The recent corporate scandals in the US have, among other things, focussed attention on the issue of the independence of directors generally. In Canada, in the recent Second Cup/Cara decision rendered by the Ontario Securities Commission (OSC), the OSC briefly highlighted the issue of independence with respect to special committee members and advisers.
In response to an unsolicited bid by Cara, Second Cup's directors formed a special committee. The OSC determined that the chair of the committee was a former classmate, long-time friend and business associate of a shareholder who was keen to defeat the Cara bid. The OSC also determined that counsel to the committee was a longstanding legal adviser to Second Cup and that if Cara's bid succeeded, his retainer would very likely cease. Finally, the OSC determined that the committee supported the reimbursement of the shareholder's expenses of C$100,000 ($68 000), for his efforts to advance a bid that would not be a permitted bid under Second Cup's poison pill.
In considering Second Cup's poison pill, the OSC stated that one of the underlying principles that emerges from the rules, policies and cases on shareholder rights plans (poison pills), is the required fiduciary duty of directors, members of a special committee of directors and their advisers. Adherence to this requirement should be reflected in conduct and recommendations that are based on the best interests of shareholders generally and not those of any group of shareholders, bidders, potential bidders or others. The OSC also held that it is of utmost importance that any adviser to a special committee be independent. Based on its findings, the OSC held that the special committee members were not motivated solely by the best interests of the shareholders and for that and other reasons the poison pill was not in the best interests of shareholders.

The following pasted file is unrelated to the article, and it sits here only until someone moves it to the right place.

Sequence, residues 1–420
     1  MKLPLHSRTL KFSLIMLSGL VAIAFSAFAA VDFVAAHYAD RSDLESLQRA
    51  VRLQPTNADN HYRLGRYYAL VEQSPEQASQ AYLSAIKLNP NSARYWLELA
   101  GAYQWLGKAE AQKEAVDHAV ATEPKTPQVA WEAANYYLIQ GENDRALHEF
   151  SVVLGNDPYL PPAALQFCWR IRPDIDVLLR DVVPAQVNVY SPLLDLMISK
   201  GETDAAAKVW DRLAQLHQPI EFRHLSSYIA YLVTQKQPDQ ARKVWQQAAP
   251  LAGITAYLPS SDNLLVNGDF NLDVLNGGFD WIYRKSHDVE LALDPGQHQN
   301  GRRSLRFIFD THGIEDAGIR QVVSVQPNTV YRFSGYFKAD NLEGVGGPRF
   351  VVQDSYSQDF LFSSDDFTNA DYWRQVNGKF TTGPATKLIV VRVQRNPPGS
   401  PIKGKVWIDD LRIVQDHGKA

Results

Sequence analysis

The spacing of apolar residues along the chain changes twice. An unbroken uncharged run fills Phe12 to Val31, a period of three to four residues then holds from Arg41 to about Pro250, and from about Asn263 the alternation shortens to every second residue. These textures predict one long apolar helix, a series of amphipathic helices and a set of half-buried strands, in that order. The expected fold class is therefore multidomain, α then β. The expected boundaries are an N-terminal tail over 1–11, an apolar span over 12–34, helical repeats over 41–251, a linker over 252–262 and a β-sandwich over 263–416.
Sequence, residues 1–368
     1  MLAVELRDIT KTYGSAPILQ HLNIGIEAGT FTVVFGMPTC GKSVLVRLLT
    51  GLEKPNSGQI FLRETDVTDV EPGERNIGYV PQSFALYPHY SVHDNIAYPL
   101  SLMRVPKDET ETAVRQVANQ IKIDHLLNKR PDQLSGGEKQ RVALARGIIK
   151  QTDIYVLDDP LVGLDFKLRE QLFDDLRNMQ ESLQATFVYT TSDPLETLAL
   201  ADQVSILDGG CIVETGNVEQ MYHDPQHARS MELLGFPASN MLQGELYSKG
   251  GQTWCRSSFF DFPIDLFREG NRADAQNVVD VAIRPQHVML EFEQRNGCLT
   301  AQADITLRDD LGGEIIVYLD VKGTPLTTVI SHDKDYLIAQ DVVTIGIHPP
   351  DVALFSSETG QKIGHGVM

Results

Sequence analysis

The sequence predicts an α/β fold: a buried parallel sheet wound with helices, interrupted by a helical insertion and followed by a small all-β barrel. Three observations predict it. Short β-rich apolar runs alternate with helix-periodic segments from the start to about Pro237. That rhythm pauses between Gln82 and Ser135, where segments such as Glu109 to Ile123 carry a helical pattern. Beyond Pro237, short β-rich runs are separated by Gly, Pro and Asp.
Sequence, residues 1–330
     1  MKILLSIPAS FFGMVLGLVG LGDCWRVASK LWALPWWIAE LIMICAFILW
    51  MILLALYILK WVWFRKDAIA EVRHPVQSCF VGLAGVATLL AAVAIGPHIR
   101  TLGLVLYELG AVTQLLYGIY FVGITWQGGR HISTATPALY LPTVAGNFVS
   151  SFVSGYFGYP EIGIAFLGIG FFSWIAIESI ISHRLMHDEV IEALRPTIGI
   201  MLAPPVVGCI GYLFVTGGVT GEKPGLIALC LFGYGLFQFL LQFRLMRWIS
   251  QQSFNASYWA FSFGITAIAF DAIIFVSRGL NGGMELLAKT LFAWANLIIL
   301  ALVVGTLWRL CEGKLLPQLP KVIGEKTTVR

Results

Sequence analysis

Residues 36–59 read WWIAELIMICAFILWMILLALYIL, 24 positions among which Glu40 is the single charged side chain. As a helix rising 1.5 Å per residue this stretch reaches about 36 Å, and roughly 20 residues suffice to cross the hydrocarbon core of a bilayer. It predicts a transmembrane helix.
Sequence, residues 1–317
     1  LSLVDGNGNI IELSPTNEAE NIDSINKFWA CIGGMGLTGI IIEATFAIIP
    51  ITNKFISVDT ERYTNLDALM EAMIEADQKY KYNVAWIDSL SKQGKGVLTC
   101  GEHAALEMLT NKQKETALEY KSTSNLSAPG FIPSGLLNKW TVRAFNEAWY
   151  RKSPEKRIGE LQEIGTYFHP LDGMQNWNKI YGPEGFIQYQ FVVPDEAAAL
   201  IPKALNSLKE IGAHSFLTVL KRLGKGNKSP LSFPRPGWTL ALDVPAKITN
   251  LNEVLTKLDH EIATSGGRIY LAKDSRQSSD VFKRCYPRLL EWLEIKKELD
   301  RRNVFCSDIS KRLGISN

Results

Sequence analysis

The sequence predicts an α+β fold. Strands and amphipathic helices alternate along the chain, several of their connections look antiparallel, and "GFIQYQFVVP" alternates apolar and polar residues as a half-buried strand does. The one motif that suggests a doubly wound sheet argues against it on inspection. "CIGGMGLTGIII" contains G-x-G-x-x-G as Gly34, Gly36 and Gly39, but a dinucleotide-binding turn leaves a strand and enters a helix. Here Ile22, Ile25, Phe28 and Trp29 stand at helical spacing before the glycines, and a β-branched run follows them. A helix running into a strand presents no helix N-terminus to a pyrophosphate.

The concerns of the OSC in the Second Cup/Cara decision are reinforced by the definitions in the corporate governance proposals of the Toronto Stock Exchange in Canada and the New York Stock Exchange and NASDAQ in the US and by the Higgs Report in the UK as they relate to independent directors. These definitions can also be considered instructive for determining when an adviser is independent. With the heightened focus on defensive corporate governance and the pursuit of "best practices", boards of directors should bear in mind these definitions when establishing an independent committee and appointing advisers for such a committee. In the future, these definitions will collectively constitute the new standard for independence and may be used by third parties as guidance for evaluating the membership and decisions of a special committee.
Kathleen Ritchie and Nicholas Dietrich
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